Liz Bayram, chief executive of the Professional Association for Childcare and Early Years, said, ‘With Brexit negotiations starting in less than a fortnight, ministers must not underestimate the continuing challenges involved in rolling out 30 hours of free childcare for three- and four-year-olds of working parents in England, and the development of the Childcare Offer in Wales. Funding levels for providers in many areas in England need to be increased in order for the 30-hour policy to be sustainable, and statutory guidance should be revisited to provide greater clarity for providers and local authorities. In Wales, confirmation of the funding rate for the pilots and more detail on implementation are required swiftly, as delivery begins in September.’

‘Our overriding plea is for a new childcare minister to be appointed quickly who is focused on getting 30 hours right before moving on to new commitments such as expanding childcare in primary schools in England. A policy that doesn’t recognise that the vast majority of places are currently delivered by private and voluntary sector providers, including childminders, can only ever be part of the solution.

‘Overall we need increased partnership working between the early years sector and the new UK Government, so current commitments on 30 hours and the workforce strategy are delivered successfully. This will go some way in giving all children a strong foundation for the future, helping to close the attainment gap and ensuring – in post Brexit Britain – that the next generation has the skills and knowledge it needs to help us all succeed.’

Matthew Reed, chief executive of The Children’s Society, said children's welfare should be a top priority.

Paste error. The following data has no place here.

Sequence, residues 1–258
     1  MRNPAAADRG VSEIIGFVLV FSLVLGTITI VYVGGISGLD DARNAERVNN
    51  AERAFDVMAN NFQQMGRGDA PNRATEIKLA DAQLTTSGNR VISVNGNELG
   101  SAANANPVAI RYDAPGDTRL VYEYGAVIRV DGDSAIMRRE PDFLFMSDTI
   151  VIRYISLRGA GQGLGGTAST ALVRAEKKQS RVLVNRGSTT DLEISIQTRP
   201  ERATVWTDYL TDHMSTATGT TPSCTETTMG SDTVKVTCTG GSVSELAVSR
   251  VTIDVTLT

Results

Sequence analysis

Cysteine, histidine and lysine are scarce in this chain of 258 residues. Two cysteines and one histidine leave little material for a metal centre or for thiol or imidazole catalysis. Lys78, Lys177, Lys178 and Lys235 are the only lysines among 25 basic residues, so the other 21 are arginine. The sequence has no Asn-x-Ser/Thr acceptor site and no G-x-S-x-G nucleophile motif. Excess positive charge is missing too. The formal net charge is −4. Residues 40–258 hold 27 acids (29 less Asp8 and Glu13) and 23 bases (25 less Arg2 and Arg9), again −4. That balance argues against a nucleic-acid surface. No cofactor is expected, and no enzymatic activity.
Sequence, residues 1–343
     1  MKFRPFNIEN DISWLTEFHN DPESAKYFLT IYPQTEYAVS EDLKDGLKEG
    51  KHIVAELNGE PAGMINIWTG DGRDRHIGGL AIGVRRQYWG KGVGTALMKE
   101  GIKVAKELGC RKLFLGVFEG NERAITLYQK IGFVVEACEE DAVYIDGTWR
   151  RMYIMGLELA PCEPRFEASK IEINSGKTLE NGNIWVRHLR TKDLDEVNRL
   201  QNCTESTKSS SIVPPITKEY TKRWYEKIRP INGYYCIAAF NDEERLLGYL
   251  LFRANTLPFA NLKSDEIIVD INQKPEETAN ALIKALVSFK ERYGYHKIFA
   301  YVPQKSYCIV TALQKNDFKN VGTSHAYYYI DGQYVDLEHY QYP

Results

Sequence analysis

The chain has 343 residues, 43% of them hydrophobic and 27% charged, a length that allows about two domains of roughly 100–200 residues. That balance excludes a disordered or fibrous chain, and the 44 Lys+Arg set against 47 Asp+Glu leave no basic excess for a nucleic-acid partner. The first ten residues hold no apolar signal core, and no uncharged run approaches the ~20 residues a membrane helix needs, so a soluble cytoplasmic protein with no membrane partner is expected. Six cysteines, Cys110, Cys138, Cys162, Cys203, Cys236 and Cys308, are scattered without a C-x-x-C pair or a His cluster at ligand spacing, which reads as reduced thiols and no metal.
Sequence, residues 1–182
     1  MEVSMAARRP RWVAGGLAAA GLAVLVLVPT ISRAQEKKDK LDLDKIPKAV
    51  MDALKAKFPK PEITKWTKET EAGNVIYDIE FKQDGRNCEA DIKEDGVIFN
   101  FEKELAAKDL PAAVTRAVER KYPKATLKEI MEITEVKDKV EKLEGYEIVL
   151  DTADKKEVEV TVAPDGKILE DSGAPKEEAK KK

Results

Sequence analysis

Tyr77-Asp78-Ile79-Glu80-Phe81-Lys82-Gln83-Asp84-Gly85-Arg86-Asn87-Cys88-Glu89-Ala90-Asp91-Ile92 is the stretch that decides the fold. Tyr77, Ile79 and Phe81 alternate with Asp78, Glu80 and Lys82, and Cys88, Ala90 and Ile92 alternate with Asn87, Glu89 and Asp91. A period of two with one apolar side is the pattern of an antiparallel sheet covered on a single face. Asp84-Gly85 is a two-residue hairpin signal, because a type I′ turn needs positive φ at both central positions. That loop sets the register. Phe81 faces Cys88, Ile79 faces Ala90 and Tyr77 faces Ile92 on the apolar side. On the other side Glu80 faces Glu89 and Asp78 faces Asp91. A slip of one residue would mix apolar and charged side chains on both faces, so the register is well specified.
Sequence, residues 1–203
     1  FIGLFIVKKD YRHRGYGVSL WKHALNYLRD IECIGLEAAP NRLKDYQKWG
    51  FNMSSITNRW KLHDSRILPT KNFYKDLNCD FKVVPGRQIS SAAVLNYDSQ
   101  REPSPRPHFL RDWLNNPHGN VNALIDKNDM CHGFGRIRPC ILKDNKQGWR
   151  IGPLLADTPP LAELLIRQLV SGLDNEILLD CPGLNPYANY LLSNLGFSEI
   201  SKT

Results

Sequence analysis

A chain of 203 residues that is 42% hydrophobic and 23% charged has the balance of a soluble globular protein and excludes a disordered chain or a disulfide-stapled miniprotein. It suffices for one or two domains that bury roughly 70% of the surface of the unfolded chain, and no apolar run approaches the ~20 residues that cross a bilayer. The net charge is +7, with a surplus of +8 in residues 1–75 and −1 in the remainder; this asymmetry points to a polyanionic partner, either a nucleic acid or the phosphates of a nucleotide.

'Now the Prime Minister has announced her intention to seek to form a new minority administration we want to ensure the well-being of children is high on the agenda of new ministers and MPs of all political persuasions,' he said. 'Children’s needs must be prioritised not compromised in discussions aimed at supporting the new Government.
 
'The Prime Minister spoke of the need for certainty going forward – and certainty is crucial for families and children whose lives have been harmed by successive cuts in welfare support.
 
'The crucial Brexit talks which will start soon should include a commitment to continue to retain or replace provision for children in disadvantaged communities which is currently funded through the European Social Fund.

'EU children living in the UK also need assurance that decisions about where they can live will be based on their best interests, not just their parents’ employment history.

'In order to maintain and improve safeguarding for children on and offline, the Government must ensure that the UK has continued membership of Europol and Eurojust, or that an agreement is in place for cooperation with these bodies and with the EU Commission.

'At home, urgent action is needed to tackle the shocking rise in child poverty, which is on course to affect five million children by 2020.'